## Theory of addition and a predicate that recognizes powers of 2

What is the complexity of the theory of addition (Presburger arithmetic) augmented by a unary predicate that recognizes powers of 2?

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Hi David. Are you familiar with the work of Richard? It is not exactly on Presburger arithmetic, so it may not be relevant. In any case: Denis Richard, "All arithmetical sets of powers of primes are first-order definable in terms of the successor function and the coprimeness predicate", Special volume on ordered sets and their applications (L'Arbresle, 1982), Discrete Math. 53 (1985), 221–247. – Andres Caicedo Jan 18 2011 at 20:51

The theory of the natural numbers with addition and $x\mapsto 2^x$ is decidable. One reference is the Cherlin-Point paper "On extensions of Presburger arithmetic". It can be found on Francoise Point's webpage:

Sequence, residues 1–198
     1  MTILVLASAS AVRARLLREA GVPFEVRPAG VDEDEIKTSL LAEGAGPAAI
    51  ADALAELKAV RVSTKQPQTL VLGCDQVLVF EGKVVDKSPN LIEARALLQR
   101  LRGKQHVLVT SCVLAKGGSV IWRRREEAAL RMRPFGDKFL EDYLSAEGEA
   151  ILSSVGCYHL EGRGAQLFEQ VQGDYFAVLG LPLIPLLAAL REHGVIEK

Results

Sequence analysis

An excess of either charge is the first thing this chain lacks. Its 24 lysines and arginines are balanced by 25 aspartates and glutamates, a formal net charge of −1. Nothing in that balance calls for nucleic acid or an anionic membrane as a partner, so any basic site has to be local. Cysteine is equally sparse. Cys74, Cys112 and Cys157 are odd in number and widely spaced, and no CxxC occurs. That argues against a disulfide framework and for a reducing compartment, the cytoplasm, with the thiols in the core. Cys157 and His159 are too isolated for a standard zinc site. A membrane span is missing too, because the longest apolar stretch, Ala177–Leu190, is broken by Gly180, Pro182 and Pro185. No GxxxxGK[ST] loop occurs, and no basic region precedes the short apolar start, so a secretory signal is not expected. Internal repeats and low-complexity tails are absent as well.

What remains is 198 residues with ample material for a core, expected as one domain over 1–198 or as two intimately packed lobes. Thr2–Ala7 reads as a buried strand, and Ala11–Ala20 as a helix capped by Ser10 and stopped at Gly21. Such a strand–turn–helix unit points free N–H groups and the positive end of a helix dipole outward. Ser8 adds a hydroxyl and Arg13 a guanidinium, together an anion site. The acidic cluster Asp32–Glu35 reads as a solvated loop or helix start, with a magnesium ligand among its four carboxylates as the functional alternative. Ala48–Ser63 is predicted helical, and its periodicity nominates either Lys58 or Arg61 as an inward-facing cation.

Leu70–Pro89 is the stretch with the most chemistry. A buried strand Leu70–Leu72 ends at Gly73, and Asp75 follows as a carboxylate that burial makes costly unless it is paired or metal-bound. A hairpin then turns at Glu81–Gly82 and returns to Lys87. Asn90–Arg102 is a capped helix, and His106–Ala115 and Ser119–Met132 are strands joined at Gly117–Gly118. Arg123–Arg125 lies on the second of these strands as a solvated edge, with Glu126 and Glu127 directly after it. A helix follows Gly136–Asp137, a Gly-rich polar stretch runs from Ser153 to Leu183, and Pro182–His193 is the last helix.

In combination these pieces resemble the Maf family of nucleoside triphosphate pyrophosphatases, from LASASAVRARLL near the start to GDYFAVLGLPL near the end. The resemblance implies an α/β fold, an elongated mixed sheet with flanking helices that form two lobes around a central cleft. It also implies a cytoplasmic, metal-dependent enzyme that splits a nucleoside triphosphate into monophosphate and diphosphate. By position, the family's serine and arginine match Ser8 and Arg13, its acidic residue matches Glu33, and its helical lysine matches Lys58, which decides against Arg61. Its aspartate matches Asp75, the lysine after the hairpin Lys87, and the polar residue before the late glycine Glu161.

Dave: How do you get around the fact that $\times$ is definable? – Andres Caicedo Jan 19 2011 at 3:51 @Andres et al. I made silly mistake writing the preamble to my question. But Dave Marker's answer corrects my mistake and answers my question. Thanks!! – David Feldman Jan 19 2011 at 3:58 I've edited my mistake out of the question now! (One could define multiplication if one had $2^{(\cdot)}$ and $a^{(\cdot)}$ provided $a$ equals a power of $2$.) – David Feldman Jan 19 2011 at 4:05 Oh! Of course. @Dave: Thanks for the reference. – Andres Caicedo Jan 19 2011 at 4:23 And thanks Andres for also for your reference, but I haven't chased it down yet. – David Feldman Jan 19 2011 at 5:04